But if the law stands, Petruccelli argued, no one in Maine will have a “right to rest” because the Legislature could always change the law and create new liability.

He cited several cases which he said prove a long-running standard in Maine that once-promised immunity is a “vested right” and that retroactive laws have never been favored by Maine’s highest court.


One recent example, he said, was the case where the Maine Supreme Judicial Court ruled that a voter-approved law blocking the New England Clean Energy Connect project — a transmission corridor carrying electricity from Quebec to Massachusetts — would be unconstitutional if enough work on the transmission line had been completed before the statewide referendum was held. A lower court is still determining whether the project had established vested rights.

Petruccelli – who was one of the attorneys who argued the NECEC case in front of the Maine Supreme Judicial Court – argued Tuesday that the diocese’s once-promised immunity under the statute of limitations should be protected as the same kind of vested right.

Bigos said Tuesday that there is far more precedent to consider.

“There are other theories of liability that the court must, and can, consider when deciding these motions,” Bigos said.


The statute of limitation question has been debated for years and was not unexpected when the law was passed in 2021.


Former Rep. Thom Harnett, who co-chaired the state’s Judiciary Committee when the bill was debated, said last month that he expected the diocese to challenge the law. But after a lengthy presentation by the Maine Attorney General’s Office, the committee was confident “that this was proper and defensible,” Harnett said.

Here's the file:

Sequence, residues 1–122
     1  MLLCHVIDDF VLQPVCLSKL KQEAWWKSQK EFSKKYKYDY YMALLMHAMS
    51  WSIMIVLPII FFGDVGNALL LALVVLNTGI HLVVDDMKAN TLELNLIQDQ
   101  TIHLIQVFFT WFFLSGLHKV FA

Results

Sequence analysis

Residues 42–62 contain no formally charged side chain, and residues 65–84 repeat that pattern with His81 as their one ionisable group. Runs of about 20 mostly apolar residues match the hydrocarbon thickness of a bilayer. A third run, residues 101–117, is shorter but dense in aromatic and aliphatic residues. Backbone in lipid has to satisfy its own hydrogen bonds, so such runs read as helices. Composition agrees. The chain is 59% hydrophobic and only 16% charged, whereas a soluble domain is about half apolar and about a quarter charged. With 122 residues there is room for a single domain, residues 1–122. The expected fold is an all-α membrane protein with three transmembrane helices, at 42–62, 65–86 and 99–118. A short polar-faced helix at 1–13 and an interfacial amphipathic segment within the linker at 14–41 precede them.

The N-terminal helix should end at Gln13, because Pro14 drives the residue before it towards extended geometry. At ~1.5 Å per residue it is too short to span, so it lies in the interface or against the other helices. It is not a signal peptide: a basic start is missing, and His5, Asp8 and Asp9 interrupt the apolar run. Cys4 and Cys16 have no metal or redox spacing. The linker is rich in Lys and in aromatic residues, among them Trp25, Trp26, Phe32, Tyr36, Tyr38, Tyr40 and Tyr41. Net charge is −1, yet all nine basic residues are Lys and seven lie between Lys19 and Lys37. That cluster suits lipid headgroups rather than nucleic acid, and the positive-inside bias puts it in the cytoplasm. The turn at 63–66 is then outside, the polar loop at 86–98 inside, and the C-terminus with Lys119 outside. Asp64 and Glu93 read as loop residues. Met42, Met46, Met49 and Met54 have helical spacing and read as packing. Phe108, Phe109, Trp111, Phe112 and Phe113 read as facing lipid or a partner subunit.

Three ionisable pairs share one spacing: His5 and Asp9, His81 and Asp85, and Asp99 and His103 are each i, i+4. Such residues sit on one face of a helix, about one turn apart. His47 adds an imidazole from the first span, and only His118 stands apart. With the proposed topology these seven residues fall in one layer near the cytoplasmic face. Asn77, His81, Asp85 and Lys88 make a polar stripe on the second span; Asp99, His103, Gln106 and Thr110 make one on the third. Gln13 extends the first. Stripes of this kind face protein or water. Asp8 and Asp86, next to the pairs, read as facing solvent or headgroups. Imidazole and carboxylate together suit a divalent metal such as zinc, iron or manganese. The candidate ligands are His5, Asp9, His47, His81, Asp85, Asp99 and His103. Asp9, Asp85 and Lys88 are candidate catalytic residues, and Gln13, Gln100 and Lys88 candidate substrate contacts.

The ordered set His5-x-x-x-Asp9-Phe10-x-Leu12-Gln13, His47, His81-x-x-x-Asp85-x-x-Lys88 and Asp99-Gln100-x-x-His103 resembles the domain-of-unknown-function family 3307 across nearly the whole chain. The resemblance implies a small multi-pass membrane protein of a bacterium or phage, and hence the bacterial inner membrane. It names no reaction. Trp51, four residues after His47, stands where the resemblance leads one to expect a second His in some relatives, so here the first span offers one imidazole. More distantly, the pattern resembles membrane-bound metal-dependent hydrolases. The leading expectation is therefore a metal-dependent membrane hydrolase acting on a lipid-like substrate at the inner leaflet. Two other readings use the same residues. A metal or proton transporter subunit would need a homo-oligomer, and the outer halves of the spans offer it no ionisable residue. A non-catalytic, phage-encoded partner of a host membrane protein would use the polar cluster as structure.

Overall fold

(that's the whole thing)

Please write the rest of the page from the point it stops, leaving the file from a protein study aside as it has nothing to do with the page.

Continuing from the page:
“Now the diocese is asking the court to set aside the will of the people,” Bigos said. After the diocese spent decades “prioritizing the protection of clergy,” he added, “now it is time to protect the public.”

Maine lawmakers have made several changes to the statutes for civil claims, but not for prosecutors’ ability to pursue older criminal cases.

In 2000, the Maine Legislature passed a law that indefinitely extended the statute of limitations for most civil claims of child sex abuse, but only for cases alleged to have occurred after 1987. Many of the claims in the 13 current lawsuits against the diocese date to the 1950s and 1960s.

Nationally, the Catholic Church has challenged efforts to eliminate or roll back statutes of limitations, often unsuccessfully.

In 2015, the Connecticut Supreme Court rejected the Hartford Diocese’s claim that a retroactive change was unconstitutional. That ruling, however, lists Maine as one of 24 states whose courts consider retroactive statute of limitation changes as invalid, although there is no case law in Maine, so the matter is not settled.

Petruccelli also countered claims Tuesday that the church participated in “fraudulent concealment” by moving priests from parish to parish despite knowing that they had abused children and without disclosing any allegation of abuse to parishioners.

Even if the new law is deemed unconstitutional, there is a possibility that the complaints could still move forward on these claims, because “fraudulent concealment” is not subject to the same statute of limitations.